I love the whole story about Moses. And, this passage is one episode in that long, full section of our Bibles about Moses’ life, his work, his commitment to God and his interaction with the Hebrew people. This passage is about change. When I think about a passage and a keyword describing a passage (in this case, the keyword is change), I try to relate it to something with which we are familiar.
When is change good? What do we need to change? Lots of examples come to mind: the air filter in the furnace, the oil in our cars, socks everyday. Some changes are really nice, and we notice them right away, like putting fresh sheets, right from the drier, on the bed. Some changes cannot be avoided, like changing the cat box, if you have an indoor kitty. Babies really don’t like it when we try to put off a change until mommy gets home.
In church, there tends to be an aversion to change. It has almost become cliché in church life to mock those who say: We’ve never done it that way before! Changes are often feared or we do not take time to understand what is involved in a change or why a change is taking place. Often, we like things the way they are, and changes disrupt our ordered life.
The ancient Greek philosopher Heraclitus wrote, “We can never walk through the same stream twice.” He recognized how ever-present change is in our life, and he compared it to the flowing water of a stream. If I walk through a stream, even if I turn around and try to retrace my steps, the stream will be different–new, fresh water will flow around my ankles, and it will be different water than the water through which I first walked.
The story of the Hebrew people unfolds in Exodus. As it begins, they are in Egypt and need to get out. Things have gotten bad, and they get worse. Moses is born and placed among the bulrushes. Pharaoh’s daughter finds baby Moses and you know the story. In Exodus 14, Moses leads God’s people across the Red Sea. The pursuers are drowned trying to follow, and although we have a brilliant song of praise in Exodus 15, God’s not finished with the people yet. The same ones who said, “Amen!” when Moses sang, “The Lord is my strength and my might,” will build a Golden Calf in Exodus 32.
Now, in Exodus 34, Moses has gone up Mt. Sinai, and he brought two tablets down with him. His encounter with God has changed him, just as it has every time he encounters God. This time, his face shines, reflecting the brilliance of being in God’s presence. When the people saw how he had been physically changed by being in God’s presence, they did not want to come near him. They were afraid because something was different. The passage goes on to reflect the way we (all of us) are changed when we encounter God.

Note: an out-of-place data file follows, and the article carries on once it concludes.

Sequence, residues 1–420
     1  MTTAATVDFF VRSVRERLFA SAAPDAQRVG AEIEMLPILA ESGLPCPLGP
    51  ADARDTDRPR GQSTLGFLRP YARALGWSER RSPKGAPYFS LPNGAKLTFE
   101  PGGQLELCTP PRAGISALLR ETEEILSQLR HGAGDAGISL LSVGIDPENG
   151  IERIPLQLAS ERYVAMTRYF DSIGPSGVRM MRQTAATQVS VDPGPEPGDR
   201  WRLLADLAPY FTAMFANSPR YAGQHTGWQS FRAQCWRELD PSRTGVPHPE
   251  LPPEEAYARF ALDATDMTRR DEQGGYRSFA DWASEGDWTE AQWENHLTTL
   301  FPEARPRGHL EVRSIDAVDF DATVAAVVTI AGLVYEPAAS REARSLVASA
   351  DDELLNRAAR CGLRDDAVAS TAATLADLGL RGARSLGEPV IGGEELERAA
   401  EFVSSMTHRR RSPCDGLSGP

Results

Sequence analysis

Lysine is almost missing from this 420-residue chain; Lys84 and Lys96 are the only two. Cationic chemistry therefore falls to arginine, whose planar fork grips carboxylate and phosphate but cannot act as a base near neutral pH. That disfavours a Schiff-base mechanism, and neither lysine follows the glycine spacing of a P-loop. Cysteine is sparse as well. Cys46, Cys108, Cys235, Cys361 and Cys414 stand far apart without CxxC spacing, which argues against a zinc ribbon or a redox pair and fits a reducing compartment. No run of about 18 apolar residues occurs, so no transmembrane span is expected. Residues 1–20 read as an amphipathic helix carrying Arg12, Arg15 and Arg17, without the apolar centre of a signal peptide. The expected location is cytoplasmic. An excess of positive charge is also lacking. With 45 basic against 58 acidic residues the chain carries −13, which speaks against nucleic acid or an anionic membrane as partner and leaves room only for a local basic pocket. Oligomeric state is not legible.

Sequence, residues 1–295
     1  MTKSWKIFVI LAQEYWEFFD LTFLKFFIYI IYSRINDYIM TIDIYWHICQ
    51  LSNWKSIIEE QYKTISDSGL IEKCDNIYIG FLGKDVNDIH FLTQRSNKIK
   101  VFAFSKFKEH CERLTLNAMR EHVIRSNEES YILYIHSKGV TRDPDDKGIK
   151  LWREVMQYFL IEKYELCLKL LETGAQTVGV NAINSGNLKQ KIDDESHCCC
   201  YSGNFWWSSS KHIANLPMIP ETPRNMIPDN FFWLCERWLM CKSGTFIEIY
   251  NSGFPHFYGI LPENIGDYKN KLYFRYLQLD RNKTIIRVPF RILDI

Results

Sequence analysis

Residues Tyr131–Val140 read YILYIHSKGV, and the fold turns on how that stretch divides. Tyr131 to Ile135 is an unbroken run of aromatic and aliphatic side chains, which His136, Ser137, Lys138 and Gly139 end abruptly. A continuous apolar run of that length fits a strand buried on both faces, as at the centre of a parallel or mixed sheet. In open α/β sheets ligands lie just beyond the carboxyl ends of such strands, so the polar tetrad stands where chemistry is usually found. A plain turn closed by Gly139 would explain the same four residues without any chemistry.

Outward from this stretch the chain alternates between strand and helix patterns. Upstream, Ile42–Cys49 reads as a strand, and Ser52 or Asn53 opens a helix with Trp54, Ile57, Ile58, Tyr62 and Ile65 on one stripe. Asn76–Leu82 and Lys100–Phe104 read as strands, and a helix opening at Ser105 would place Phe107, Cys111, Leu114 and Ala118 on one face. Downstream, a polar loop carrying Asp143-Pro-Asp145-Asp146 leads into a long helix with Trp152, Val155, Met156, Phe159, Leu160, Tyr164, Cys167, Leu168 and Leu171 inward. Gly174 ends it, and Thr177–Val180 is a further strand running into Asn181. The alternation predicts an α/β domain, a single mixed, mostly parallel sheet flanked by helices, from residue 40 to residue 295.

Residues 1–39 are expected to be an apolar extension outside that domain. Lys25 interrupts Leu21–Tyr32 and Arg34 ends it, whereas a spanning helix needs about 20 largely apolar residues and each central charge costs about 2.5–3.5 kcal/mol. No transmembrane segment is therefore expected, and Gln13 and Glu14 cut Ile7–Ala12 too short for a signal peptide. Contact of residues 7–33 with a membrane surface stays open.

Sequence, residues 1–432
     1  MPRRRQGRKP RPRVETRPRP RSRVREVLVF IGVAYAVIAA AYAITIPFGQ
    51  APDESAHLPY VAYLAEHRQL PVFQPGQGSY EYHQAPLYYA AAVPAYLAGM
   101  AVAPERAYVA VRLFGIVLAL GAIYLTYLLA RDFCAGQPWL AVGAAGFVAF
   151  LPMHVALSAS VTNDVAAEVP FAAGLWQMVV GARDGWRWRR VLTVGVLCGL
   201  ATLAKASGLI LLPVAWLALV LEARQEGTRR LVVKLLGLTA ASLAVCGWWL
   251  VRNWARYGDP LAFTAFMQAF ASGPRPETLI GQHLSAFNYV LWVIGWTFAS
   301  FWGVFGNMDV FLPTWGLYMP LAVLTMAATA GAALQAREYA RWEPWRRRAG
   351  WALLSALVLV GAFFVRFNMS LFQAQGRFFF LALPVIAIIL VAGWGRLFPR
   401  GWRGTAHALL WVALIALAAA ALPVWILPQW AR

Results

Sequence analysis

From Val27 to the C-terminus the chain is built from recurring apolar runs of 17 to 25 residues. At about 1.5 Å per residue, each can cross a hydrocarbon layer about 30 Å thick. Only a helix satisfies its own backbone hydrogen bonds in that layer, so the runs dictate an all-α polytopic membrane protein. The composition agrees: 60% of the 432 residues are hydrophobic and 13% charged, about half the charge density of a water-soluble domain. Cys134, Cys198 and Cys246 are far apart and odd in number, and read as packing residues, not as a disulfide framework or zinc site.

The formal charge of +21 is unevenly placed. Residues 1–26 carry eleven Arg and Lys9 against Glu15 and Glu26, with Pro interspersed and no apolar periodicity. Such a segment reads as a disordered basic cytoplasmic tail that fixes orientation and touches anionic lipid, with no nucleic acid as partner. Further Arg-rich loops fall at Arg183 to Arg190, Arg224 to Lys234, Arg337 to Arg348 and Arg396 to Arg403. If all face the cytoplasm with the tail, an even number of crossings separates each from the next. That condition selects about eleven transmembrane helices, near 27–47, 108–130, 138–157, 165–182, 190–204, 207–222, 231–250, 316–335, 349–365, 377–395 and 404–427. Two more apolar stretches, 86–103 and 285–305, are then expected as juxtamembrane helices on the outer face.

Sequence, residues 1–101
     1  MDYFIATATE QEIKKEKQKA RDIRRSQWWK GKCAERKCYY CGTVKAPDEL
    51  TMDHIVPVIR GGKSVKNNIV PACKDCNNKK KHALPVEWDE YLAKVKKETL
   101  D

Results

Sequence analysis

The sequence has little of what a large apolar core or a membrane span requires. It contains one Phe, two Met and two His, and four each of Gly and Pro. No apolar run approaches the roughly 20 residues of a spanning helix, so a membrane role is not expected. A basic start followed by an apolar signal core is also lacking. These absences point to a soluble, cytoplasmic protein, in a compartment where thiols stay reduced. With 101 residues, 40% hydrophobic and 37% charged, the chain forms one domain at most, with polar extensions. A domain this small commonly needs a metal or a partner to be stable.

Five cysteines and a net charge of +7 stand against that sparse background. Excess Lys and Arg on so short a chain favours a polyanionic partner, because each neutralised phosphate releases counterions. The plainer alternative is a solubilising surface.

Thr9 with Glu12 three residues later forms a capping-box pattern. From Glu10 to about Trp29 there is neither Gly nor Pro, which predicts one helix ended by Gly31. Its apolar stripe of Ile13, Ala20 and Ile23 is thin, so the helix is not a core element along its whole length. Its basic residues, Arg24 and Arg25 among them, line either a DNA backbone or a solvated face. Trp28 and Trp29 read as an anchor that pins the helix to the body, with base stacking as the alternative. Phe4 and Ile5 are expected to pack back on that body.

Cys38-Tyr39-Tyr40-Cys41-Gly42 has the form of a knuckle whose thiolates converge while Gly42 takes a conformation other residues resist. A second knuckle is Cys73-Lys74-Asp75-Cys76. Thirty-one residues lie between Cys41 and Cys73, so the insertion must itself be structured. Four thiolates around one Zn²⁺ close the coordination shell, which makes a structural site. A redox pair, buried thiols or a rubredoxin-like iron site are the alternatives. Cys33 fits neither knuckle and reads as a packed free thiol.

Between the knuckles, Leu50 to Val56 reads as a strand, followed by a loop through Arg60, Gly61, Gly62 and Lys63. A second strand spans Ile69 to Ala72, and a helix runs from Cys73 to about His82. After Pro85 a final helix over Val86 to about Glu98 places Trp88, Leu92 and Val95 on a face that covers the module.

Moses encountered God at the burning bush in Exodus 3. He was never the same. That encounter led to his role in leading the Hebrew people. This encounter in Exodus 34 gives greater rule and structure to their lives, but the Bible does not let us wonder whether encountering God is just an inward, intangible change. When Moses comes face to face with God, his face reflects the encounter.
For us, who, at our worst, fear change, and at other times, would simply rather avoid the inconvenience or disruption, we can be assured that our encounter with God will not leave us where we are. From day to day, meeting God draws us to grow closer and into new areas. Moses was not meeting God for the first time in Exodus 34. He had known God his entire life. He met God in the most explicit way in Exodus 3, at the burning bush.
Here in Exodus 34, Moses meets God in a new way and it leaves him with a glowing face. Few of us would suggest that meeting God leaves just as we were before. We may sing, “Just as I am,” but we don’t really believe that we stay just the way we were. God changes us, moves us, and draws us into new places.
Growth in our Christian journey might mean thinking about something in a new way, and this gets to the heart of why change is so frightening. If we think about something in a new way, or we accept a change, we acknowledge that we were not perfect the way we were. Think about that. This is the most convicting part of considering any changes in our lives. If we change, we acknowledge that we were not perfect the way we were.
Friends, you are not perfect. I am not perfect. Thomas R. Kelly writes, “The deepest human need is not food and clothing and shelter, important as they are. It is God…” [A Testament of Devotion p. 99]
Since we are imperfect, we need God to keep working on us, to keep perfecting us, changing us, and molding us into the new beings we can be in Christ.
Moses shows us that we are not yet complete because he was not complete. God kept working on him and through him.
Throughout our lives, we encounter God and are changed by the encounter. Yes, we need food, clothing and shelter, (& there is economic poverty) but we also need something greater, something more profound. For Christians, we find it in God, and the something greater brings joy and contentment. If you don’t have full joy and contentment yet, even though you call yourself Christian, it doesn’t mean you have not yet encountered God; it doesn’t mean you are any less of a Christian. In recognizing the incompleteness of joy or contentment in your life, you can see the work–some of changes–God has for you.
We all have areas in which we can grow. We all have work God can do in our lives. The key is to recognize it and acknowledge it. Moses probably did not expect to be shining when we walked down that mount. What about you? Are you open to change? Are you open to God?
Let us make it our prayer to be open to God transforming our lives, to be open to be changed by God, because that’s the gospel of Jesus Christ.